The relationship between education and economic prosperity will be at the heart of this year's conference organised by The TES Scotland and Perth College on April 18. Two of the speakers, Alan Smithers and James Murphy, are critics of those who believe competitiveness is guaranteed by educational investment.
Professor Smithers, director of the centre for education and employment research at Brunel University, says that vocational qualifications south of the border are still in confusion and drop-out rates unacceptable despite a decade of Government emphasis on their economic importance.
Dr Murphy, of the department of educational research at Lancaster University, believes that extending post-school education is less a precondition for economic change than an expensive response to national decline.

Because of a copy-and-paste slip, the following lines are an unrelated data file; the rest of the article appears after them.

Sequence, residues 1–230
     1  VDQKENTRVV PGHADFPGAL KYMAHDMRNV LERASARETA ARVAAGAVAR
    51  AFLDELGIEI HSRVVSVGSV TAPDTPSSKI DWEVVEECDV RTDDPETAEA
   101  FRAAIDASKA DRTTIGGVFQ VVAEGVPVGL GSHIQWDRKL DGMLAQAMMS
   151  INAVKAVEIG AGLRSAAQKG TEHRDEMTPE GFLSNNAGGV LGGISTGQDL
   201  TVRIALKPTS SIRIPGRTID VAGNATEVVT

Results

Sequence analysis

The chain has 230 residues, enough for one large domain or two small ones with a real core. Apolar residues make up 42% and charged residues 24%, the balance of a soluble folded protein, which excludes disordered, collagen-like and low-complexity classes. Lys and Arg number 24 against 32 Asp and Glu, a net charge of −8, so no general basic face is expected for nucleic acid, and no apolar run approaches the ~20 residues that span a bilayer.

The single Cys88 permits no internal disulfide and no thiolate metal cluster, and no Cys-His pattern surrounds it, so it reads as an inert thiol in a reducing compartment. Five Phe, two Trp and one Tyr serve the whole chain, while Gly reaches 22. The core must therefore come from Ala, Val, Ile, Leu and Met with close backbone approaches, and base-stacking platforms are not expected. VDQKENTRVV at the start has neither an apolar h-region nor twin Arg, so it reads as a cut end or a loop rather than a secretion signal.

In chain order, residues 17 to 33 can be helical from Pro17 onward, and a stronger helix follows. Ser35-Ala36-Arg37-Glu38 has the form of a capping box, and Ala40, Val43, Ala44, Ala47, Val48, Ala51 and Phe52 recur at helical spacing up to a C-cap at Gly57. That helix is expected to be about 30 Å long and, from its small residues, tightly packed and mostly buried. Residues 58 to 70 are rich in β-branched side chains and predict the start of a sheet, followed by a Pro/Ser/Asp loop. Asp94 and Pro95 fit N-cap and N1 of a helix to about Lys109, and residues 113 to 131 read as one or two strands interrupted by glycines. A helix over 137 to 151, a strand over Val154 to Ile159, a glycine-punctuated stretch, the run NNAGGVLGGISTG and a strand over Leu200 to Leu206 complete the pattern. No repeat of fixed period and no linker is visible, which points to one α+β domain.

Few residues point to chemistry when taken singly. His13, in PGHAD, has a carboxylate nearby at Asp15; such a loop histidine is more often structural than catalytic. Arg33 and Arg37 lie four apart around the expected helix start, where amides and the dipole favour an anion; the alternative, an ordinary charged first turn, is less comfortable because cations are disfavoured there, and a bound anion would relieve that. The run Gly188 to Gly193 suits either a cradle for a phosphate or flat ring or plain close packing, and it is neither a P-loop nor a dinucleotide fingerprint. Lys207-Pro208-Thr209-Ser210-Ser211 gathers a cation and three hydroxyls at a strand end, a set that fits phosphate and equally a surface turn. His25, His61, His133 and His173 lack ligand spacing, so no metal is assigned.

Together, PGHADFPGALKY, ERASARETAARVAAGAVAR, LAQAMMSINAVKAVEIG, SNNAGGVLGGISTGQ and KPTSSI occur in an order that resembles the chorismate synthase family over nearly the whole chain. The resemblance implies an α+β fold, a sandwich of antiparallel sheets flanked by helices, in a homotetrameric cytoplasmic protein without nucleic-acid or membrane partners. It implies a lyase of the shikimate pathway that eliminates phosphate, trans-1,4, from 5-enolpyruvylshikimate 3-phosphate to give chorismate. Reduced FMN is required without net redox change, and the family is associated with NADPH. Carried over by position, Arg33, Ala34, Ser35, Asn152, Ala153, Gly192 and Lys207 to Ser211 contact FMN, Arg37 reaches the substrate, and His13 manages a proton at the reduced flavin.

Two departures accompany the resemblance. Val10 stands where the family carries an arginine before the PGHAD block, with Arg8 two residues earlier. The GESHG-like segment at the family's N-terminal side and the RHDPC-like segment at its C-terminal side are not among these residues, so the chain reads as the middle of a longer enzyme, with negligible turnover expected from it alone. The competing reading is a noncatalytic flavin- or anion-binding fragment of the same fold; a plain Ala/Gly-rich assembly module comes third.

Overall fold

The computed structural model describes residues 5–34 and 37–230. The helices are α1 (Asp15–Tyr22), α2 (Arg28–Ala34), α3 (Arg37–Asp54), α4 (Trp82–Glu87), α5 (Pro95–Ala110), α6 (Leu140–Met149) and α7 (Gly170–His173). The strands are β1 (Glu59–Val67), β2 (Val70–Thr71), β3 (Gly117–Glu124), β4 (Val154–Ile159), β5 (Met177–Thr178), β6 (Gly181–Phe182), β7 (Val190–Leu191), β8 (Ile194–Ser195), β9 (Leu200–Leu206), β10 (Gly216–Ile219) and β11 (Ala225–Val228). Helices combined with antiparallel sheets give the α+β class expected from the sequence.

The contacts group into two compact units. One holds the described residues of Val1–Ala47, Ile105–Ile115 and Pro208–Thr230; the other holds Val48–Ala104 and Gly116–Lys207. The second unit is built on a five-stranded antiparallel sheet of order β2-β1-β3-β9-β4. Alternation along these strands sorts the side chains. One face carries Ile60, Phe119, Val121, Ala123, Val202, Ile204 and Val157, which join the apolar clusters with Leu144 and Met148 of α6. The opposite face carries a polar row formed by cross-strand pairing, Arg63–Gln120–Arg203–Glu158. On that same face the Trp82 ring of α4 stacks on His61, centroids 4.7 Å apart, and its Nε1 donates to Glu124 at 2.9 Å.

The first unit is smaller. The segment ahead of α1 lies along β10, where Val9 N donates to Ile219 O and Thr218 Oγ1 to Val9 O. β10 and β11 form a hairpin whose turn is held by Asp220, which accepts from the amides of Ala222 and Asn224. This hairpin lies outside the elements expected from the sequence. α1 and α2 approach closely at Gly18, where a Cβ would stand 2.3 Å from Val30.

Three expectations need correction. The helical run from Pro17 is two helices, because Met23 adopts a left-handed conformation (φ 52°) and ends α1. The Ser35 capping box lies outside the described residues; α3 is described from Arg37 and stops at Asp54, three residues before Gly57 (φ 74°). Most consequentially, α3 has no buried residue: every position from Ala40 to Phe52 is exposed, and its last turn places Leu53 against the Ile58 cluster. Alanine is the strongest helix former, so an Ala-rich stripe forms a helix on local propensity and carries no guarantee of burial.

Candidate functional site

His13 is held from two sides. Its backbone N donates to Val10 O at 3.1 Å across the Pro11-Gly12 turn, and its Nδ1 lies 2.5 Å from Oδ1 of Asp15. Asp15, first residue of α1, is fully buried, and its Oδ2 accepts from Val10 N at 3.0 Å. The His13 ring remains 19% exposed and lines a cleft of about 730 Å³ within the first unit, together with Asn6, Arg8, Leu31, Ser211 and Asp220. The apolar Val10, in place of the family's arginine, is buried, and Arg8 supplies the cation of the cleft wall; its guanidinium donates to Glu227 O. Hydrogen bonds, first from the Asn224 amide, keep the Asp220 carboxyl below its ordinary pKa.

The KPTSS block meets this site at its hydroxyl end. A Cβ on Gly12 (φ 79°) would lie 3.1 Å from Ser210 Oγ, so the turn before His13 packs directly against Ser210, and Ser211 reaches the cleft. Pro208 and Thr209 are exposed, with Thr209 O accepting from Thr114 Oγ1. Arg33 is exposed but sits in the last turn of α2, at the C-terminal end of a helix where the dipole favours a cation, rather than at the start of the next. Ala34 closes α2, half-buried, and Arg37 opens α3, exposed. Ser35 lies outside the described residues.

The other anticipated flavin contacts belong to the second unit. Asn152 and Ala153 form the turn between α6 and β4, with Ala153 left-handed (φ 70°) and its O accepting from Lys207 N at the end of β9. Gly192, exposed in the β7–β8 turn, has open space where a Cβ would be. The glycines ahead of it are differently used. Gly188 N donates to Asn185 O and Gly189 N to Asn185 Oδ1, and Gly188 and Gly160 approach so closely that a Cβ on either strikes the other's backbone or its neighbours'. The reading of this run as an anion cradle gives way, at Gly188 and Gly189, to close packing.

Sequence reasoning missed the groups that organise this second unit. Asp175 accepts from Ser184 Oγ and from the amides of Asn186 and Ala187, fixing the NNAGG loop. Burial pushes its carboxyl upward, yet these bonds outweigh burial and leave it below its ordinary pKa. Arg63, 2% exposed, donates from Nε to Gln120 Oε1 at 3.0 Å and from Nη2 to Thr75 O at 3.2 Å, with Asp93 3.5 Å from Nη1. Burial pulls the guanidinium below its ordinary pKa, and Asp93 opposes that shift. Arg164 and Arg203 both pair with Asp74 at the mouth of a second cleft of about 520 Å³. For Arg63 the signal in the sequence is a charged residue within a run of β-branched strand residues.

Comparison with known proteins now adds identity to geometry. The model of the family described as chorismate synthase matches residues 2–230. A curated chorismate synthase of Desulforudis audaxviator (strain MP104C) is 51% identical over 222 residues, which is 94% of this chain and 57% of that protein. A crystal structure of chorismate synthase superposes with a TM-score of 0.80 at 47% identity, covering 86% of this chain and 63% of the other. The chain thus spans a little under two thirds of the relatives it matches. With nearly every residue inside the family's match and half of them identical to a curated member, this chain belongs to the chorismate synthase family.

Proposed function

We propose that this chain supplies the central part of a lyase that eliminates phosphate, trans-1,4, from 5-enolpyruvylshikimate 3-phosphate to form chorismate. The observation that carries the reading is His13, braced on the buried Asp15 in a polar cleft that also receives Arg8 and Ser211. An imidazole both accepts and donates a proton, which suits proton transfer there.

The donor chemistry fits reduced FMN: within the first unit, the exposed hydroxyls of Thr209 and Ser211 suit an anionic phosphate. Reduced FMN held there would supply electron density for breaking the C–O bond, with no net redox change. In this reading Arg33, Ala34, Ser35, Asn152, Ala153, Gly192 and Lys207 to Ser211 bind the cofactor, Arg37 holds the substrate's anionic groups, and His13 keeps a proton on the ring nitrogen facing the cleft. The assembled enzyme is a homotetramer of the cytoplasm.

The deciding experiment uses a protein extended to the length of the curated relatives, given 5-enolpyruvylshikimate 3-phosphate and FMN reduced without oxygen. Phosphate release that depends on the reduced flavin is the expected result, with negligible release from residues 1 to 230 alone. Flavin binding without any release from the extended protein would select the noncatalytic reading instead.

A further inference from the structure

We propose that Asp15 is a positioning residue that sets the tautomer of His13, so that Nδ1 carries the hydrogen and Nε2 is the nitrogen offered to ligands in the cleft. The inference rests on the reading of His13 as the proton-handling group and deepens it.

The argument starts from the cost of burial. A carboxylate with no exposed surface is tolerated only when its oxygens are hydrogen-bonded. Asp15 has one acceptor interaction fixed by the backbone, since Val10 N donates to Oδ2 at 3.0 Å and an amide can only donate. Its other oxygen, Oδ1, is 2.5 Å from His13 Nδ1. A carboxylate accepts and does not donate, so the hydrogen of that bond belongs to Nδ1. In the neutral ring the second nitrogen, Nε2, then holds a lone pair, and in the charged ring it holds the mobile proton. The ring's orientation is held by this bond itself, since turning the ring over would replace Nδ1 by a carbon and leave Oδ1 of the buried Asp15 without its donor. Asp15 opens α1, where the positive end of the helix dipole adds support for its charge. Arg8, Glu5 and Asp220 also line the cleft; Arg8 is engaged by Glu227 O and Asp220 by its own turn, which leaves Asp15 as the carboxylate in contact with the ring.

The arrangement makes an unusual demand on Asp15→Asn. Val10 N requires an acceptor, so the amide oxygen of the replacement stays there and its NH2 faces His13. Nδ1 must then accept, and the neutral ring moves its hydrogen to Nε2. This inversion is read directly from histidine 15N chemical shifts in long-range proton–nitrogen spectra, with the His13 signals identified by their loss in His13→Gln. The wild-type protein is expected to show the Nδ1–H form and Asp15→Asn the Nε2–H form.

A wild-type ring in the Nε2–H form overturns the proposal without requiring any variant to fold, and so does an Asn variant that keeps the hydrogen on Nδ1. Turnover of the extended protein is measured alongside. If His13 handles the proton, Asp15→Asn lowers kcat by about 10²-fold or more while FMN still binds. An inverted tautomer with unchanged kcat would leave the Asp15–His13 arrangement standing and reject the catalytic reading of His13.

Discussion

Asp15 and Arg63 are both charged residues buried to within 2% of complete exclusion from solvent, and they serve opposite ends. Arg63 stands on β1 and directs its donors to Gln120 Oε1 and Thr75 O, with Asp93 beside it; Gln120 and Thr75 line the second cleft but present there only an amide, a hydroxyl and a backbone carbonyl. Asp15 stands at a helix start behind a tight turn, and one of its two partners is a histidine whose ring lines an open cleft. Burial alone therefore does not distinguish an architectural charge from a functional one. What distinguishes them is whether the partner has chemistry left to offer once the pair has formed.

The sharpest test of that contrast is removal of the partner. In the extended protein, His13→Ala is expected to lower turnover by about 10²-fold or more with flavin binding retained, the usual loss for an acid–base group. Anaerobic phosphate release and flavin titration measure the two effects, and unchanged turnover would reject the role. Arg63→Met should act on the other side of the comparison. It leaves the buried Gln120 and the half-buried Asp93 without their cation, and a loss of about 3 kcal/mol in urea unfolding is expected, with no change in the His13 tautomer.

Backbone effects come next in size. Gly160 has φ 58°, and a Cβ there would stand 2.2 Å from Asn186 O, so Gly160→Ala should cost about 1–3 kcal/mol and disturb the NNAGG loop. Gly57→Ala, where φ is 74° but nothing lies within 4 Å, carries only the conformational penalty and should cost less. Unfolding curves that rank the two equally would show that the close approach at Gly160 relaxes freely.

But Stephanie Young, director of the Advisory Scottish Council for Education and Training Targets, and Ron Tuck, chief executive of the new Scottish Qualifications Authority, will point the way ahead for vocational education.
George Bennett, corporate vice-president of Motorola, will illustrate the need for an adaptable workforce using evidence from the computer industry, while from Cumbernauld College, Tom McGrenary, the principal, will give a case study of partnership in action through his college's involvement in training for the Mitsubishi plant.
The conference, "The Cutting Edge", will be a significant event for senior figures in further and higher education and those involved in industrial training. Anyone interested in attending should contact the conference secretary, Perth College, Crieff Road, Perth PH1 2NX (01738 623525).